Not that this is any big secret today but it's "officially official" :
You can tell me how much not a diary this is below.
Keith Olbermann, the acclaimed broadcaster and writer whose verbal pyrotechnics and moral passion have outraged, informed, and dazzled viewers of "Countdown With Keith Olbermann" for the past eight years, is bringing his slashing wit, analytical eye, and distinctive commentary to Current Media, the Emmy® and Peabody Award-winning TV and digital media company that was founded in 2005 by Al Gore and Joel Hyatt and is now distributed in more than 75 million households around the world. The news was announced today in New York.
In addition to executive producing and hosting a new nightly primetime news and commentary show, Keith Olbermann will also serve as the company's Chief News Officer and will have an equity stake in Current Media.
The new show will air weeknights in primetime beginning later in 2011.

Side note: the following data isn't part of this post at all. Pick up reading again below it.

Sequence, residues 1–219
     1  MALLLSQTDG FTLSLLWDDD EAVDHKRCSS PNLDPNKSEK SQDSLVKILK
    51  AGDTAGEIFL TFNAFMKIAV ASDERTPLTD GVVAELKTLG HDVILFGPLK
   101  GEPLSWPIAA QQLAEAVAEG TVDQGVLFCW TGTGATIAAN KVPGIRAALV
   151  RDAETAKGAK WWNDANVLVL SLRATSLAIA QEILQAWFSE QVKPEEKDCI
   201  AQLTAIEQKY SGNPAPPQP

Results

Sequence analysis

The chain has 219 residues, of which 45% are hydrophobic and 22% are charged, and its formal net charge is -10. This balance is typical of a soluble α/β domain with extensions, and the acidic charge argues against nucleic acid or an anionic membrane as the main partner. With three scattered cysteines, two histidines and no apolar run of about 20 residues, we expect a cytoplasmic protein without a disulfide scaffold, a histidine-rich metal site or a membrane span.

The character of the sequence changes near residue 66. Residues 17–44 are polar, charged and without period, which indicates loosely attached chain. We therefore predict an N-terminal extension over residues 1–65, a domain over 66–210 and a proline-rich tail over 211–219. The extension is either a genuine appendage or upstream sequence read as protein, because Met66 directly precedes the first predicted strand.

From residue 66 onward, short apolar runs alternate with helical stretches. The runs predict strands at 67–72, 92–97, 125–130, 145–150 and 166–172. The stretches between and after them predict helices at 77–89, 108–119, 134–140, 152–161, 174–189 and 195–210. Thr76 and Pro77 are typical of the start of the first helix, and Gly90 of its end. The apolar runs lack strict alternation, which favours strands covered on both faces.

I'm using up my one a day allowance before we enter the final frontier of DK4...where no kossack ( OK I hate that term) has gone before. I didn't use "BREAKING".
FYI...Here's Current TV's channel lineup on the major carriers:
Direct TV: 358
Dish Network: 196
Comcast: 107 or 125
Time Warner: 103 or 142
Thanks to sable in the comments, Keith's tweet:
Greetings from Keith Olbermann, Chief News Officer of Current Media! And awayyyyyy we go! #FOK
Keith's Media Release:
Nothing is more vital to a free America than a free media, and nothing is more vital to my concept of a free media than news produced independently of corporate interference. In Current Media, Al Gore and Joel Hyatt have created the model truth-seeking entity. The opportunity to partner with Al, Joel and Mark Rosenthal makes this the most exciting venture in my career. - Current Media press release quoting Keith Olbermann
Olbermann and Al Gore...Bill O's gonna burst his falafel.
Benintn says this in the comments:
Time for the Teabaggers to Meet the #FOKers.
h/t again to sable: How Keith got around the no-compete clause from WSJ
But, as part of his roughly $7 million settlement with MSNBC, the anchor signed a non-compete agreement that keeps him off rival television networks for a set period of time, at least several months. Three people familiar with the matter said the non-compete applies only to specific competitors in cable news and broadcast news–not including Current Media.